Max du Preez

Judge not...

2009-01-14 07:41

Max du Preez

If we South Africans didn't know it before, we know it now, having been witnesses to the tragic demise of Zimbabwe: undermine the courts and the judicial system and you can kiss democracy goodbye.

If you can't go to the courts to protect your rights or to keep an authoritarian regime and its agents in check, your rights are worth nothing.

In Zimbabwe Robert Mugabe first intimidated judges, then fired some had them harassed until they quit. Then he appointed his own stooges to the bench. But even when his stooges decide something the police or the ruling party don't like, they simply ignore the court decisions.

That's why there was such an outcry when prominent ANC leaders such as its secretary general, Gwede Mantashe, and the Youth League leader, Julius Malema, insulted our judiciary to the point that it started sounding like threats.

In this kind of climate it is absolutely essential for all officers of the court and all other associated with the judicial system to behave impeccably.

History repeated?

When I was listening to Judge Louis Harms on Monday reading the Appeal Court judgment overturning Judge Chris Nicholson's ruling in favour of Jacob Zuma, I could not get it out of my mind that it was the same Harms who led the Harms Commission of Inquiry into state-sponsored violence in the early 1990s.

I had a serious stake in that enquiry, because a lot of the allegations Harms had to investigate came from exposes on police and army death squads (Vlakplaas, the CCB, etc) published in the newspaper I then edited.

Harms decided that there were no death squads and that those men who were attached to Vlakplaas, like Dirk Coetzee, who confessed that they were torturing and killing anti-apartheid activists, were lying through their teeth.

Harm's findings were a disgrace, as were the statements he made about some of the policemen who wanted to come clean. I did not believe Harms should remain a judge after that and I said so publicly.

But Harms not only remained on the bench, he was promoted to the Supreme Court of Appeal.

I have no reason to believe that the judgment he read out on Monday wasn't the correct one. But I would have preferred to hear it from the mouth of someone without a huge shadow over his head. I would not want to appear before Mr Justice Louis Harms as an accused.

Good company

I also don't want to appear before Mr Justice John Hlophe of the Cape High Court. The stuff he has said and done does not fit the picture I have of a dignified, wise man who has to sit in judgment of others. In my view he has tarnished the reputation of our higher court more than anyone else.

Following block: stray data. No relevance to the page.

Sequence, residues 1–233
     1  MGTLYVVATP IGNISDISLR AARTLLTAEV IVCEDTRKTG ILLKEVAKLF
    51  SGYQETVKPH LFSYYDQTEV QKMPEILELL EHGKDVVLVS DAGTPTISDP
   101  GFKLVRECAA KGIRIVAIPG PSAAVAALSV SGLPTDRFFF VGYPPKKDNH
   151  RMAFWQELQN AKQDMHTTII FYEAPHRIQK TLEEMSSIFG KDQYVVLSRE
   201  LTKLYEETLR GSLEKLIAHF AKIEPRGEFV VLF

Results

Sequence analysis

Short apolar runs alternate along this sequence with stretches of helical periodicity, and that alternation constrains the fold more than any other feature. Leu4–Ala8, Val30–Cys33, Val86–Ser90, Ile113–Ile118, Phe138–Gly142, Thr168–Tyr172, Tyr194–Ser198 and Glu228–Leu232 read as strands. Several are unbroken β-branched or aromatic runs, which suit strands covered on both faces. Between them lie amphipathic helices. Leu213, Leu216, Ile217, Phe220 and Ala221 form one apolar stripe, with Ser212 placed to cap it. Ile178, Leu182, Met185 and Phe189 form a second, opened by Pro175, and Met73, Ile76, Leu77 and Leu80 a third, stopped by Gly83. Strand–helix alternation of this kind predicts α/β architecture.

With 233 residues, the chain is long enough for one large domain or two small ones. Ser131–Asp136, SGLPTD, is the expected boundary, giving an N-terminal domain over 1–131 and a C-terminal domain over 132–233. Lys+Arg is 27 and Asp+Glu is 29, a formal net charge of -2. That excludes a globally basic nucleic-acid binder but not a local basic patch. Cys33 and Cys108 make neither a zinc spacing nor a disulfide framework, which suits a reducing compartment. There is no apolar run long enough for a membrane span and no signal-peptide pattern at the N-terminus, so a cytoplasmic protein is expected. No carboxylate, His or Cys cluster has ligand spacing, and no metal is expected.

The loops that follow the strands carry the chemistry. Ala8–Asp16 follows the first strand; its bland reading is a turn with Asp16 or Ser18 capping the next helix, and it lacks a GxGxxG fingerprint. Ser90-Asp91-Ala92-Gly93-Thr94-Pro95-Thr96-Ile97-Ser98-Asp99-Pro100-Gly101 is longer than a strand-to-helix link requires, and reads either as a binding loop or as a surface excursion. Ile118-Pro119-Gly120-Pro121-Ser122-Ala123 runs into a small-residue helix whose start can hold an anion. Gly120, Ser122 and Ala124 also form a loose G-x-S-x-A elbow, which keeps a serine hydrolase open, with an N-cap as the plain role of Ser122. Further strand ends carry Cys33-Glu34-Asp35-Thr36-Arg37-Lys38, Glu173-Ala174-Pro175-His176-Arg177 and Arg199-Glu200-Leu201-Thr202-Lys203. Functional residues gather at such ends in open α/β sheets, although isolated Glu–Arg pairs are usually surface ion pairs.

Hlophe and Harms are not the only judicial personalities on my black list. There is Judge Nicholson himself. The way his judgment and utterances during the Zuma hearing were comprehensively rejected and criticised by his superiors must raise questions about his ability to be a judge.

From the Appeals Court judgment one gets the idea that Nicholson was ignorant of the law and of established legal practice. If I were him, I would quietly resign.

And then there is the deputy registrar and legal adviser of the University of Cape Town, Paul Ngobeni. He left the United States under a cloud with fraud charges being investigated against him and he was indeed banned from practicing law in several states in America.

And yet Ngobeni has become one of the most opinionated people regarding other judges and the judicial system. He is Judge Hlophe's main apologist and recently launched a distasteful tirade against Judge Carole Lewis after she expressed concerns about inexperience on the Bench.

Another legal man whose integrity should now come under serious scrutiny is former judge Willem Heath. His Heath Special Investigating Unit was once our biggest hope that we would get to the bottom of the arms scandal, but Thabo Mbeki fired him, probably exactly because of that.

Heath and Paul Ngobeni are now the "brains trust" devising strategies to keep Jacob Zuma out of court. Heath should not be angry when people suspect that he could be using the inside information he gained on the arms transactions to now help cover up for those whom he once investigated.

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